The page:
HIV, Hepatitis A and B, and RPR, immediately, and then again in six weeks, three months, six months, and one year. The undisputed facts also show that plaintiff physically resisted the attempts of defendants to have him submit to the testing. Although plaintiff states he did not threaten defendants, become loud, or present a physical danger to himself or others, he does not dispute that he physically resisted defendants' attempts to have him submit to the testing. Further, defendants who were attempting to subdue plaintiff were physically injured, with one requiring a visit to the emergency room. Despite plaintiff's assertion that he had injuries, he has no evidence to support such claim, and the evidence submitted by defendants shows plaintiff was checked by a doctor and found to have no injuries. Finally, the undisputed evidence also shows that in order to obtain the mandatory blood withdraw from plaintiff, it was required that he be restrained to a bed. Although plaintiff disputes that he was given the opportunity to use a urinal and was given lunch while restrained, he does not dispute that he refused to submit to the testing, and refused to take accountability until just before the time he was released from full restraints, approximately nine and one-half hours later. Eighth Amendment scrutiny is appropriate only after an inmate's formal adjudication of guilt in accordance with due process of law. Bell v. Wolfish, 441 U.S. 520, 537 (1979). Plaintiff was a pretrial detainee at the time of the alleged incidents contained in his complaint.3 The Due Process Clause of the Fourteenth Amendment protects pretrial detainees from being punished. Because a pretrial detainee cannot be punished, a court must decide whether the actions of defendants (in this case the use of force) were imposed for the purpose of punishment or whether the actions were an incident of some other legitimate governmental purpose. Id. at 539. Absent a showing of an expressed intent to punish on the part of detention facility officials, the determination will generally turn on whether the actions of the officials may be rationally connected to a legitimate governmental objective. Id. at 539. If so connected, the actions are not punishment. Id. Conversely, however, if a restriction or condition is not related to a legitimate
Plaintiff was in the custody and care of the Missouri Department of Mental Health and had not yet been convicted of murder for which he was charged. 3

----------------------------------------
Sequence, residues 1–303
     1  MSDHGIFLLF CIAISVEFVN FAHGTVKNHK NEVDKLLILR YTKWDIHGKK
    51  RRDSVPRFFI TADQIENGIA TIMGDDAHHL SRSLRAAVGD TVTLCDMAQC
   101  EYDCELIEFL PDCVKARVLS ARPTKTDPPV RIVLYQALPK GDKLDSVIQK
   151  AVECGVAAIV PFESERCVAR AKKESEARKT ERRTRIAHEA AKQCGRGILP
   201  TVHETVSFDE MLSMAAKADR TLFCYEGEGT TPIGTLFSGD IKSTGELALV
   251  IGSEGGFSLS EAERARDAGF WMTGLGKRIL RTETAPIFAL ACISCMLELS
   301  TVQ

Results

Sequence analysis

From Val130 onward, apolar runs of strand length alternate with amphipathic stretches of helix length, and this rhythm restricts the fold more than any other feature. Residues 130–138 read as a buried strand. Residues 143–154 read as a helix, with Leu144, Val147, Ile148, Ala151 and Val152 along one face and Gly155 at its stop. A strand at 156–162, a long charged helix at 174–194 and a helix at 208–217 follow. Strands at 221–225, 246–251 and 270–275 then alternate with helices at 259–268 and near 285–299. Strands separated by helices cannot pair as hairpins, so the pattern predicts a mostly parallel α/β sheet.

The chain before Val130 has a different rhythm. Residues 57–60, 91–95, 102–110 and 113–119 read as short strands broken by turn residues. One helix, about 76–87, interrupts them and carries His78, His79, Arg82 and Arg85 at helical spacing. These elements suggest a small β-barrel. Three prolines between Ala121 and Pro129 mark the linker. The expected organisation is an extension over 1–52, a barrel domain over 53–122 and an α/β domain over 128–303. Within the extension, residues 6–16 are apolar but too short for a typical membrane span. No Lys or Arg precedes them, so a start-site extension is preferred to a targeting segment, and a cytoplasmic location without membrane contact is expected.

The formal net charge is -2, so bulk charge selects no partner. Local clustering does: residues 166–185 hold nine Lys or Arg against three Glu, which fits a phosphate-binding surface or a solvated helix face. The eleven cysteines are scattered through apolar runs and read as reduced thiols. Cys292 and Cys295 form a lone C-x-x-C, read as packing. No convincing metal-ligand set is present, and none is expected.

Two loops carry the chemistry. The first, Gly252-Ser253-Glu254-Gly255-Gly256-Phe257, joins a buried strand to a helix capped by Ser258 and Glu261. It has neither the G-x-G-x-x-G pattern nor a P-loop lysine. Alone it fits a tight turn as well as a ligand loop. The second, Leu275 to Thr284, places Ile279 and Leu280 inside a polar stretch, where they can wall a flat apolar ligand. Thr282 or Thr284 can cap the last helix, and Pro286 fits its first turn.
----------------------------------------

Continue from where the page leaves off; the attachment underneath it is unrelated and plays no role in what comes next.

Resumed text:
goal, if it is arbitrary or purposeless, a court may permissibly infer that the purpose of the governmental action is punishment that may not be constitutionally inflicted on detainees. Id. In this case, plaintiff has come forward with no evidence from which a reasonable jury could find that defendants used excessive force and/or their actions in subduing plaintiff were for the purpose of punishment. First, plaintiff does not dispute the evidence that the Missouri statute requiring his blood testing without the right of refusal was applicable. The evidence shows that plaintiff was physically resisting the mandatory testing set forth by Mo. Rev. Stat. § 191.662(1)(2). Institutions that have inmates or wards have a reasonable and legitimate interest in diagnosing severe medical problems to prevent transmission of infectious diseases among their populations, especially when there are reasonable grounds to believe the person is infected or is a health threat to others. See Thompson v. City of Los Angeles, 885 F.2d 1439, 1447-48 (9th Cir. 1989) (jail's interest in diagnosing severe medical problems to prevent transmission of infectious diseases among jail's population did not violate Fourth Amendment or the Due Process Clause). See also Dunn v. White, 880 F.2d 1188 (10th Cir. 1989) (nonconsensual AIDS test did not violate prisoner's First Amendment or Fourth Amendment rights). See also Gatewood v. Blount, 2006 WL 2506184 (W.D. Mo. 2006) (use of force against prisoner to gain compliance with statemandated TB testing was done for legitimate penological objective and did not violate constitutional rights). In the instant case, plaintiff admitted to having sex with another ward at Fulton, thereby putting the other party and himself at risk for exposure to HIV or other infectious diseases. Thus, Fulton and defendants had a reasonable basis for requiring plaintiff to submit to the testing. The testing was being done for legitimate safety concerns related to plaintiff's health, the health of his sexual partner and the health of other Fulton residents and staff. Second, plaintiff does not dispute that his being restrained to a bed was done in order to obtain the mandatory blood testing withdraw, and was pursuant to Fulton policy which explicitly states that this restraint is not to be a form of punishment, but rather can be a tool used by Fulton staff to ensure institutional safety and security. The undisputed facts show plaintiff was restrained for institutional safety and security, and do not support plaintiff's allegations that he was being restrained without just cause or for purposes of punishment. Despite plaintiff's 4